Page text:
The film was released in the United Kingdom in May 2011 and in the United States in October 2011. Estevez and Sheen took a promotional bus tour in promotion of the film across the United Stat

A Supermarket in California

"A Supermarket in California" is a poem by American poet Allen Ginsberg first published in Howl and Other Poems in 1956. In the poem, the narrator visits a supermarket in California and imagines finding Federico García Lorca and Walt Whitman shopping. Whitman, discussed in "Howl", is a character common in Ginsberg's poems, is referred to as Ginsberg's poetic model. "A Supermarket in California", written in Berkeley and published in 1956, was intended to be a tribute to Whitman in the centennial year of the first edition of Leaves of Grass. For its critique of mainstream American culture, the poem is considered to be one of the major works of the Beat Generation, which included other authors of the era such as Jack Kerouac, William Seward Burroughs, Lawrence Ferlinghetti. Ginsberg achieved critical success in 1956 with the publication of Howl and Other Poems, with "Howl" being the most popular of the works in the collection. Like "Howl", "A Supermarket in California" was a critique of postwar America, yet in the poem the narrator focuses more on consumerist aspects of society by contrasting his generation with Whitman's.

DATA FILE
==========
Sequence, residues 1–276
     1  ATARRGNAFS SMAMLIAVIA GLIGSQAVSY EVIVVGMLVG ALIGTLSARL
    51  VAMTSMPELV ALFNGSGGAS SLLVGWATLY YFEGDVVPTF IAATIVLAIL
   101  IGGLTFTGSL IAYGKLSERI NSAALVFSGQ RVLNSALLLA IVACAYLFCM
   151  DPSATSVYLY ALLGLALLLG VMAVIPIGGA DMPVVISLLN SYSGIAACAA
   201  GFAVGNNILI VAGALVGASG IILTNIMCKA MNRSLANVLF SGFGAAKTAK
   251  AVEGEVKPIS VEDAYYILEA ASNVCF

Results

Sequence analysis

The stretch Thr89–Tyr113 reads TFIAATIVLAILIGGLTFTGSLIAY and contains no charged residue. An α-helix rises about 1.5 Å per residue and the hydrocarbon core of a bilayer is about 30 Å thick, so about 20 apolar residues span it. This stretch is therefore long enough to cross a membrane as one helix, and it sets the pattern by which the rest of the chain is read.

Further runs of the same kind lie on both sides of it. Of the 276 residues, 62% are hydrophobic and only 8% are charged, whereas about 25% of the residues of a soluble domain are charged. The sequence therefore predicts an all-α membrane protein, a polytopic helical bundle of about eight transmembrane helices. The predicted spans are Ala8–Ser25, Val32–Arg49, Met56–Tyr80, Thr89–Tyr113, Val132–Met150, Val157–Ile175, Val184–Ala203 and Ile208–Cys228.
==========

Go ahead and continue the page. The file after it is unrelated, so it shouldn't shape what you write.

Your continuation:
"A Supermarket in California" is a prose poem with an irregular format that does not adhere to traditional poetic form including stanza and rhyme scheme. The format is a resemblance of the long-winded aspect of speech; the long-line style is attributed to Whitman and "as with Whitman, by the time we have traversed the stretch of one of these long lines, we have experienced a rapid set of transformations." This is shown within the poem’s location, the metaphorical supermarket and its symbolism of Ginsberg’s America. The form of Ginsberg's poem comes from "his knowledge of Walt Whitman's long-line style", an experiment for Ginsberg before he adapted it to all his works on. In the opening line, the poet addresses Whitman, or Whitman's spirit as he finds himself "shopping for images", which Douglas Allen Burns suggests puts a capitalist spin on the situation described in the poem; the narrator sees families of consumers shopping in the market alongside the figures of deceased poets Lorca and Whitman, both of whom were homosexual poets like Ginsberg himself.